This week marks the 23rd anniversary of the passage of the Americans with Disabilities Act (ADA). Signed by President George H. W. Bush in 1990, the ADA is the most important civil rights law for Americans with disabilities. The ADA has increased physical access to all kinds of stores, government buildings, and offices. In the work place, we are seeing more people who have disabilities working alongside their colleagues who do not have disabilities. At large conferences, it is routine now to see interpreters for the deaf and hard of hearing and Braille documents for people who are blind or have visual impairments.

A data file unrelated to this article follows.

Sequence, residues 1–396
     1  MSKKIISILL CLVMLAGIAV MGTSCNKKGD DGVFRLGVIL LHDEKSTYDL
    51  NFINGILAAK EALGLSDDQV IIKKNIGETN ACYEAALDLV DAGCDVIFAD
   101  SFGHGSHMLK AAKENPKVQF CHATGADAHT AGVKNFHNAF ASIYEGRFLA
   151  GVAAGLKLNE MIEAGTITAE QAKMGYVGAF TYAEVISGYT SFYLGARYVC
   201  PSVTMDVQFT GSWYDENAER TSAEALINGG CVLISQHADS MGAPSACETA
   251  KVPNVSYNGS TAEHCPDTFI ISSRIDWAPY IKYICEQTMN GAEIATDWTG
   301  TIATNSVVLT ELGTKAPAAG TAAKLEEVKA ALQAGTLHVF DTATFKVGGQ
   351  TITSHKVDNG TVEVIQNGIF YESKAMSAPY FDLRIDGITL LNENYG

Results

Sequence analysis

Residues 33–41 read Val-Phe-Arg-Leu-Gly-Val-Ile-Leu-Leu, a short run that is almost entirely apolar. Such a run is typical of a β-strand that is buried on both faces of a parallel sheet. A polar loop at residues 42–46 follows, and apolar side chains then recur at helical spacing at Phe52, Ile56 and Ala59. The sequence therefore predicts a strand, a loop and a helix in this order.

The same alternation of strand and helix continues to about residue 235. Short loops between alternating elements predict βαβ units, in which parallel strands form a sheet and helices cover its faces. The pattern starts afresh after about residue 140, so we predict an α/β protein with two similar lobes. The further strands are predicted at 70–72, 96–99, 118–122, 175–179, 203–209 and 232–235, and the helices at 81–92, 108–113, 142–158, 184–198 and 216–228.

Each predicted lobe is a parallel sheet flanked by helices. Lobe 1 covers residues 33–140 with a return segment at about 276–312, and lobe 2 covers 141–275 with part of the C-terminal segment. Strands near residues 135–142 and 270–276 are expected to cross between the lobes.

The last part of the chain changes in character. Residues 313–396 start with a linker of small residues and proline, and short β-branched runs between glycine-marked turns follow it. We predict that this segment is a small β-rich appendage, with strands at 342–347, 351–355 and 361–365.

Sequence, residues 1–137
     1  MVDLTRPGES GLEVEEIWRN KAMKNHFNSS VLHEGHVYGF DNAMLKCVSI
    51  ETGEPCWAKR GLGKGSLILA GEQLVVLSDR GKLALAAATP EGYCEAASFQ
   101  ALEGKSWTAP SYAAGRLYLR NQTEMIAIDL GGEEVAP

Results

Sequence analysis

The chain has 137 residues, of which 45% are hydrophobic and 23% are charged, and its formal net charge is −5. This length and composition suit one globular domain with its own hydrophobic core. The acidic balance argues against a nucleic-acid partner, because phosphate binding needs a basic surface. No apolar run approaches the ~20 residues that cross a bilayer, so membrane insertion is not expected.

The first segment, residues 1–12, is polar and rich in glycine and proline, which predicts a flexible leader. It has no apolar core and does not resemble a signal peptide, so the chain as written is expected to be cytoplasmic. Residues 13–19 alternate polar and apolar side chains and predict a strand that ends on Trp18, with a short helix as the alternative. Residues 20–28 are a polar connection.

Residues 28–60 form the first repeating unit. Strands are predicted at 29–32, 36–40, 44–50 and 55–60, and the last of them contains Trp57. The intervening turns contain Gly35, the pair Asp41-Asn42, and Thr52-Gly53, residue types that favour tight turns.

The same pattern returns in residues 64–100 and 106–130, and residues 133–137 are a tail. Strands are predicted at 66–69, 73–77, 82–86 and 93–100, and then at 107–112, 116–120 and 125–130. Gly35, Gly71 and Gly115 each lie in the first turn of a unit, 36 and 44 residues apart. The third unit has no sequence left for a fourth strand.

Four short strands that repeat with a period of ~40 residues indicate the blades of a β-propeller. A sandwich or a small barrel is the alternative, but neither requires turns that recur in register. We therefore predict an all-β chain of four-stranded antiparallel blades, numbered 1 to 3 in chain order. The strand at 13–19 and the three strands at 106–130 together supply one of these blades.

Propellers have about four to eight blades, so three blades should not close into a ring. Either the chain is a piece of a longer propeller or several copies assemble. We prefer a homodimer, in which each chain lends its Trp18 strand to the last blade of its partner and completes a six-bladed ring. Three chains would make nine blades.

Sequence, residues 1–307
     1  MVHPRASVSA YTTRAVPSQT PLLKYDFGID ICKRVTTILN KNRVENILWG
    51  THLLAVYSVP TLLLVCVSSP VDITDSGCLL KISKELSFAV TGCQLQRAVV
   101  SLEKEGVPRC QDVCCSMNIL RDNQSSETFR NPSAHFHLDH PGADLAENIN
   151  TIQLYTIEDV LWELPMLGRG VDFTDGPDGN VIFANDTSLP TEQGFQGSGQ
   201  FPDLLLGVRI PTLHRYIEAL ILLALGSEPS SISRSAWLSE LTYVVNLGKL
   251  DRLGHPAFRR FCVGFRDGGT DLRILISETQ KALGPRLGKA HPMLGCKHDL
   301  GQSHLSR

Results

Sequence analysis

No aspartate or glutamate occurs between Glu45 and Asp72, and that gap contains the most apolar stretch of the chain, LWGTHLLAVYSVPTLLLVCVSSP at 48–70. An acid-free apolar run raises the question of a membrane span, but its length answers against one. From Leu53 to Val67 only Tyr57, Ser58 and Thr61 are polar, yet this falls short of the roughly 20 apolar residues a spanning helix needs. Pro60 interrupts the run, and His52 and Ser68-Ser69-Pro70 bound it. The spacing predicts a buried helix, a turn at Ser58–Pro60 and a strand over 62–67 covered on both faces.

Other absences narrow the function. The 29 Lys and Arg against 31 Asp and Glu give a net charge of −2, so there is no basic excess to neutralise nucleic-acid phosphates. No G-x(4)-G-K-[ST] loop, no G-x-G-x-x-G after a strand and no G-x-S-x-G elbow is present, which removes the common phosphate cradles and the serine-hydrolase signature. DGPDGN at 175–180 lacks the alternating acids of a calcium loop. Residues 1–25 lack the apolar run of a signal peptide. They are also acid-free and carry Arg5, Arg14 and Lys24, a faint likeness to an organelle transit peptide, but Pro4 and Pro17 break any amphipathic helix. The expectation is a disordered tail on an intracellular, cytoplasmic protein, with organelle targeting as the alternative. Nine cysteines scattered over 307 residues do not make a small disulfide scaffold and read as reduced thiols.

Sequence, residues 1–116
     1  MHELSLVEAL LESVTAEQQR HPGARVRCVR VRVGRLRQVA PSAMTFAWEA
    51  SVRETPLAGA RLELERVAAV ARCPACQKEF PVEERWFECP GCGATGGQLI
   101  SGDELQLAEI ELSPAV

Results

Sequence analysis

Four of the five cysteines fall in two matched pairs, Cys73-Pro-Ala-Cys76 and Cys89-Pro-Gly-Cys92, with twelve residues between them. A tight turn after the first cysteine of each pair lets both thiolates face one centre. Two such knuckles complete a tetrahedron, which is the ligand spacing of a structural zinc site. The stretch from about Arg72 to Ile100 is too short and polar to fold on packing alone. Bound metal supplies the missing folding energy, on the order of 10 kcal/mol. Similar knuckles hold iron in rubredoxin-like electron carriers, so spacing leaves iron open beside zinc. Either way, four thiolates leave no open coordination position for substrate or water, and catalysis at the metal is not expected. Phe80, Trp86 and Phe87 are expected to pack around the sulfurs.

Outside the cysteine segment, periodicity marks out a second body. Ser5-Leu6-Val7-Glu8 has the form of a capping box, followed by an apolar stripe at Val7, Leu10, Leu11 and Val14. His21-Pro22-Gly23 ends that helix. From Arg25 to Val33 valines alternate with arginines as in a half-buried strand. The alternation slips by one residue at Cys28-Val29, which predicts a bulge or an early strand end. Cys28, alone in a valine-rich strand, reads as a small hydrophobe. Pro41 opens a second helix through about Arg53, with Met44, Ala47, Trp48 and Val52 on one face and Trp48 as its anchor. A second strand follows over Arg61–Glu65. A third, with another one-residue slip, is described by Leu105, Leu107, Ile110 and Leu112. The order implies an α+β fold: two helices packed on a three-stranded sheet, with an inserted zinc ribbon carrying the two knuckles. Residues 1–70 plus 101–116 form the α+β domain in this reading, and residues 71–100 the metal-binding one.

For people with intellectual and developmental disabilities (I/DD), the ADA has meant having the right to receive services in the most integrated setting appropriate. Many people with I/DD have been able to leave large, segregated institutions and move into homes in communities. We have seen a huge increase in home and community-based services and a steady decline in the number of people living in institutions over the past 23 years.
But, we still have more to do. Too many people are on long waiting lists for community-based services and supports and are at risk of having to go into an institution. Too many people who want a home of their own are still living in large congregate settings. And, too many people with I/DD are living in nursing homes. Far too many individuals with disabilities want to work but are unemployed.
While many barriers to full participation in society remain, let’s take a minute to celebrate the many positive changes that have been brought about by the ADA!
Here’s what some people and groups are saying about the ADA on this anniversary: